HIV-1 Rev and the Rev response element (RRE) enable a critical step in the viral replication cycle by facilitating the nuclear export of intron-containing mRNAs, yet their activities have rarely been analyzed in natural infections. This study characterized their genetic and functional variation in a small cohort of HIV-infected individuals. Multiple Rev and RRE sequences were obtained using single-genome sequencing (SGS) of plasma samples collected within 6 months after seroconversion and at a later time. This allowed the identification of cognate sequences that were linked in vivo in the same viral genome and acted together as a functional unit. Phylogenetic analyses of these sequences indicated that 4/5 infections were founded by a single transmission event. Rev and RRE variants from each time point were subjected to functional analysis as both cognate pairs and as individual components. While a range of Rev-RRE activities were seen, the activity of cognate pairs from a single time point clustered to a discrete level, which was termed the set point. In 3/5 patients, this set point changed significantly over the time period studied. In all patients, RRE activity was more sensitive to sequence variation than Rev activity and acted as the primary driver of the cognate set point. Selected patient RREs were also shown to have differences in Rev multimerization using gel shift binding assays. Thus, rather than acting as a simple on-offswitch or maintaining a constant level of activity throughout infection, the Rev-RRE system can fluctuate, presumably to control replication.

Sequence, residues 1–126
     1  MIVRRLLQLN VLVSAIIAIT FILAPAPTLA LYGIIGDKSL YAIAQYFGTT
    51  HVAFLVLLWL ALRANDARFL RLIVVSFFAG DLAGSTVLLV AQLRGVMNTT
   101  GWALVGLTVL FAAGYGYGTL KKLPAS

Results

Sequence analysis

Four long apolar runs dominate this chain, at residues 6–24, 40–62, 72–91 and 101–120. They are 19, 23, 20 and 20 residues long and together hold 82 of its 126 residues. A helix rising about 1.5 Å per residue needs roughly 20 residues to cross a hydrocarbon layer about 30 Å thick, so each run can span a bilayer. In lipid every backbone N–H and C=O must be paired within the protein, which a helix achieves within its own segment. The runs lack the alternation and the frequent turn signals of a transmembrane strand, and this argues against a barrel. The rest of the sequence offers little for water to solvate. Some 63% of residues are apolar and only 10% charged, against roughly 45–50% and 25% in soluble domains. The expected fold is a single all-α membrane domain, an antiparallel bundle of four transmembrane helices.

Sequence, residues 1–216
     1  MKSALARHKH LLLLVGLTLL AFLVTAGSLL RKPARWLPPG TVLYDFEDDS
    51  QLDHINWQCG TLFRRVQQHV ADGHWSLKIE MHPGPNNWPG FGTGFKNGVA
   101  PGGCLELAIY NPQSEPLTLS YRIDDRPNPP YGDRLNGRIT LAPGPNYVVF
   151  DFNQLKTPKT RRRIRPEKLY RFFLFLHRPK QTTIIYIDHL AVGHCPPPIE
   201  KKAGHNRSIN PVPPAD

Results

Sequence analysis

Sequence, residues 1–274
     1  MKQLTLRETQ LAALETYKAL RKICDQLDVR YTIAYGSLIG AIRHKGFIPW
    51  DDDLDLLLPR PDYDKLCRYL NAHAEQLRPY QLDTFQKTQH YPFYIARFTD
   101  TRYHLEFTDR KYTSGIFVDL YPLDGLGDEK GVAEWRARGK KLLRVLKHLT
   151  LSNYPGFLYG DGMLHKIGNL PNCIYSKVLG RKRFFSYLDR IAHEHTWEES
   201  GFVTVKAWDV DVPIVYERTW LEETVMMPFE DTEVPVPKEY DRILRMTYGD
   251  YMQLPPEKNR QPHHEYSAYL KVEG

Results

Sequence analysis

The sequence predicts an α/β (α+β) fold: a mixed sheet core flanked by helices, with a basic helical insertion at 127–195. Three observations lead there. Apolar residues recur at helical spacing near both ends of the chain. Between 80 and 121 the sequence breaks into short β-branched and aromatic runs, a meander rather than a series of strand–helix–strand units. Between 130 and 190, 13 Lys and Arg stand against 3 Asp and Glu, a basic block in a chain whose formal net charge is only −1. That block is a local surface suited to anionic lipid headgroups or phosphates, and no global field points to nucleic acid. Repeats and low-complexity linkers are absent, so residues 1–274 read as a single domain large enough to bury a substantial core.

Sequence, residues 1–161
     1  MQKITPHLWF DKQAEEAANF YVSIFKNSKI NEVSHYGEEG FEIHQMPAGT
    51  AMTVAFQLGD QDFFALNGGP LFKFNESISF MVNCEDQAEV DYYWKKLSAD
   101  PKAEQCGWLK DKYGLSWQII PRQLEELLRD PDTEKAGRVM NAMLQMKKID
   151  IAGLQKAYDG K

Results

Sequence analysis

ASJC Scopus subject areas
- Insect Science